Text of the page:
Peach-coloured toilet rolls, one thousand broccoli prints, a door opening and closing and a spot of Blu-Tack have gone on display at one of Britain's best known art galleries.

What's The Point Of It? is the first retrospective of work by Martin Creed, the British artist who shot to fame when he controversially won the Turner Prize in 2001 for showing lights going on and off in an empty room.

A collection of nails hammered into the gallery wall, cactus plants, and black curtains which open and close are among the 160 works on display at the Southbank Centre's Hayward Gallery.

In one installation, visitors can walk into a room filled with 6,000 large white balloons and attempt to find their way through them to the other side.

One of Creed's newest works is a silver Ford Focus, which the artist, who grew up in Glasgow, has displayed on the gallery terrace.

Every few minutes the engine switches on, the horn sounds, the doors and bonnet open, the windscreen wipers move from side to side and the radio blasts, before it all goes off again.

Other new works include a structure made from hundreds of peach-coloured toilet rolls and a huge wall comprised of 16,000 bricks.

A series of 1,000 colour prints, made between 2009-10 from broccoli, goes on show in the UK for the first time.

A giant rotating neon and steel structure, which stands just above head height, spells out the word Mothers.

On one terrace, set against the backdrop of the London skyline, a video screen shows a man's penis getting erect then drooping again.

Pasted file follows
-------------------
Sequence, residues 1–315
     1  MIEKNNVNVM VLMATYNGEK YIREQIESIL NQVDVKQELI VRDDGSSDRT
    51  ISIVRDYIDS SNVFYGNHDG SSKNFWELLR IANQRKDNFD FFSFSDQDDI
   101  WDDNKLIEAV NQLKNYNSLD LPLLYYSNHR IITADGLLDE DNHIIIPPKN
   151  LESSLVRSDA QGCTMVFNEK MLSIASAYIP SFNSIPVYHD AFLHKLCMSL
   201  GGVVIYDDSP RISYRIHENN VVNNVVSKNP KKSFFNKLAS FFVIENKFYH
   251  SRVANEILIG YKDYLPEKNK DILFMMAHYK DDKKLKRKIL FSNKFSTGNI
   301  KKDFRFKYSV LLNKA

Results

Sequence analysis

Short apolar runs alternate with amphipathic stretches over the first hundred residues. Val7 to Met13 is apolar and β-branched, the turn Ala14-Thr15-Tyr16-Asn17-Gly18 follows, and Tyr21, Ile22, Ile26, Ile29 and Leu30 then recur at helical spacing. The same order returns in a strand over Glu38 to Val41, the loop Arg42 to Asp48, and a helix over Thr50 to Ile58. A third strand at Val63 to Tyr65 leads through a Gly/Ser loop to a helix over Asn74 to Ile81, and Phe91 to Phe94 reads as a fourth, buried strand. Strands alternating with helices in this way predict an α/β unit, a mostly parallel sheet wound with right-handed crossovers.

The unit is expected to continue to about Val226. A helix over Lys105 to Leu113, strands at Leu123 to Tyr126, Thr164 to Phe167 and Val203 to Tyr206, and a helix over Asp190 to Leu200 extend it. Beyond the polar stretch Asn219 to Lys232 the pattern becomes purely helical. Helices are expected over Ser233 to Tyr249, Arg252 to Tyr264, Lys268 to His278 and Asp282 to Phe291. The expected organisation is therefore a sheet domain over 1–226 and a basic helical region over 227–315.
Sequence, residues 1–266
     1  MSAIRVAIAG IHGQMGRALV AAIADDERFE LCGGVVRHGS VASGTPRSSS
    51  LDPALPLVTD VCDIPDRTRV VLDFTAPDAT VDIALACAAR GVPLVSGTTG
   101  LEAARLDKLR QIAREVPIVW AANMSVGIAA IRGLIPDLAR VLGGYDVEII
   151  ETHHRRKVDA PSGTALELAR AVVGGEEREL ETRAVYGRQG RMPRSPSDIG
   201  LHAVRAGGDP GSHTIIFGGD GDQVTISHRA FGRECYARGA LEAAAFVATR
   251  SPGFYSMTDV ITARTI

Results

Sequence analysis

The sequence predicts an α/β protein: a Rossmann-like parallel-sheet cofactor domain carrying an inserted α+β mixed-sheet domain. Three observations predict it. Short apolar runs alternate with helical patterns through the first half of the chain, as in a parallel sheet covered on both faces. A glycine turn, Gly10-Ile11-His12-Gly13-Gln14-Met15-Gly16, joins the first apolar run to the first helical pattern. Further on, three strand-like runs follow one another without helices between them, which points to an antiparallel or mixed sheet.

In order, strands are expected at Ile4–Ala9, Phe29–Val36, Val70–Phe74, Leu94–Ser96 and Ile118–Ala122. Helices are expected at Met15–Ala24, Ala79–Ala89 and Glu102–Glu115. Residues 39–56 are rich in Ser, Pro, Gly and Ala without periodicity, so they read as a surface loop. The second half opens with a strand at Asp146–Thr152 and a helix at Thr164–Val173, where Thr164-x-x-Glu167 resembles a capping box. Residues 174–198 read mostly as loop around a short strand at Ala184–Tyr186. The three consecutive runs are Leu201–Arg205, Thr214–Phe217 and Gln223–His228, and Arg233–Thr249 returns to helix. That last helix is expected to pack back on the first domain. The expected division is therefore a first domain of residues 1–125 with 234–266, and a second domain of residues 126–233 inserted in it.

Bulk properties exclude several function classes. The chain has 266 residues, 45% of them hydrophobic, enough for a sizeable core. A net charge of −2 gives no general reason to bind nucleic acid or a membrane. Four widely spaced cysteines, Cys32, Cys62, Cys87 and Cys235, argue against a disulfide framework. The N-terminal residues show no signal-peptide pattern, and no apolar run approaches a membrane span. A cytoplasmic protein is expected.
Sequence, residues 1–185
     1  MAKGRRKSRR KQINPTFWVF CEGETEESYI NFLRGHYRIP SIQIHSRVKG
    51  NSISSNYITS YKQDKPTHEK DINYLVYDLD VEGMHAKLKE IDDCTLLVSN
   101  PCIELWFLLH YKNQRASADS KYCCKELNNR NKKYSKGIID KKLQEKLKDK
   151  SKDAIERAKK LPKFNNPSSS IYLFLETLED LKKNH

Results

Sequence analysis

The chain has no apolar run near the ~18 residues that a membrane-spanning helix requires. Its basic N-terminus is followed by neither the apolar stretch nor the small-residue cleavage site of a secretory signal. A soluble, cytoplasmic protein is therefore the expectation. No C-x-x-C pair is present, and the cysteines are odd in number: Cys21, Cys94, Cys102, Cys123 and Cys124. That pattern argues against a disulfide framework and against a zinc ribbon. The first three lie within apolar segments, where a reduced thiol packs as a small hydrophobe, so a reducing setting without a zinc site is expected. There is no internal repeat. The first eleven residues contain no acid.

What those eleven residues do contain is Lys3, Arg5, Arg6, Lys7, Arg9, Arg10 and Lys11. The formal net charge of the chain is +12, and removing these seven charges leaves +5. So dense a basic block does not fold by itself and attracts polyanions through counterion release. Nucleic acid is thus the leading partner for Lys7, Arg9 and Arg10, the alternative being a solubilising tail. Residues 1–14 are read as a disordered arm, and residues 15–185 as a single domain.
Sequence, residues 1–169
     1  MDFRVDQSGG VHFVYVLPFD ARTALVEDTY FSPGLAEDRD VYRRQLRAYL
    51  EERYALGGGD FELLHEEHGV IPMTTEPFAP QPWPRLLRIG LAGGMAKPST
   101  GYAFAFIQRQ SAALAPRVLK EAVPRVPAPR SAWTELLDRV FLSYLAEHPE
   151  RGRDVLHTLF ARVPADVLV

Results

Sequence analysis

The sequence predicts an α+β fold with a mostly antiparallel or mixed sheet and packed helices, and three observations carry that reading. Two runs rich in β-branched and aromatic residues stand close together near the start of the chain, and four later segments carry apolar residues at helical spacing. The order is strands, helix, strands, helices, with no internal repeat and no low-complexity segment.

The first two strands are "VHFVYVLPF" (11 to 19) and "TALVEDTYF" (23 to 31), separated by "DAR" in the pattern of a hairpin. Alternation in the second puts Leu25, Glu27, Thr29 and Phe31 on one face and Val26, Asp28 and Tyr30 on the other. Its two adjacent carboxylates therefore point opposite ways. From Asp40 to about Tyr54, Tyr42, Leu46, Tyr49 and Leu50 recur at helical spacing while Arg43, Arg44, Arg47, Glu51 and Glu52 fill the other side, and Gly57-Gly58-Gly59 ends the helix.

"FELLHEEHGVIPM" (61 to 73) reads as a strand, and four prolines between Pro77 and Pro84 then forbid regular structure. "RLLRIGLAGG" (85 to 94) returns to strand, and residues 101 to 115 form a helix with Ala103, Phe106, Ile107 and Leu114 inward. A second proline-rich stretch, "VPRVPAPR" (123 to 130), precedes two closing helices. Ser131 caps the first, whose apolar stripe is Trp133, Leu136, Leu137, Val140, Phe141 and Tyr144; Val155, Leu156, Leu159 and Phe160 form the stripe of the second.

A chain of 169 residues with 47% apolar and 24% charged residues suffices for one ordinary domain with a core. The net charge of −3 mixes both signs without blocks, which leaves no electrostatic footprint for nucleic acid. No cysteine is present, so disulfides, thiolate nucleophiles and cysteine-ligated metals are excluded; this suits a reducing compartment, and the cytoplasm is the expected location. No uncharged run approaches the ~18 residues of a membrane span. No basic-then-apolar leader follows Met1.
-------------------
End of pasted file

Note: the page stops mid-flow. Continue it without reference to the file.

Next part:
The gallery warns that the work, created between 2007-10, is for over-18s.

Another warning sign greets visitors before they enter a room to see a 2007 work, a video of a woman defecating on a white floor.

Creed said that he was "scared" that he would not like his own retrospective.

He said: "When I was at art school, a tutor said 'never show all your work, always keep something back, so at least if they don't like it you can go home and say well they didn't like that but they might have liked this'.

"This show is a collection of pretty much all the things I've been doing in my life apart from watching TV."

Creed said that he was trying to battle against his own prejudices and his taste for "conventional stuff", adding: "I always feel like I failed to do that, that's why I'm wearing shoes."

Southbank Centre artistic director Jude Kelly said that the exhibition would entice "many different kinds of audiences", adding: "Martin is one of the key people who has made people turn to the visual arts."

Events to coincide with the exhibition include a performance from the Martin Creed Band at the Royal Festival Hall on February 8 and the premiere of his new organ commission on March 30.

:: Martin Creed: What's The Point Of It? runs at the Hayward Gallery, Southbank Centre from January 29 to April 27.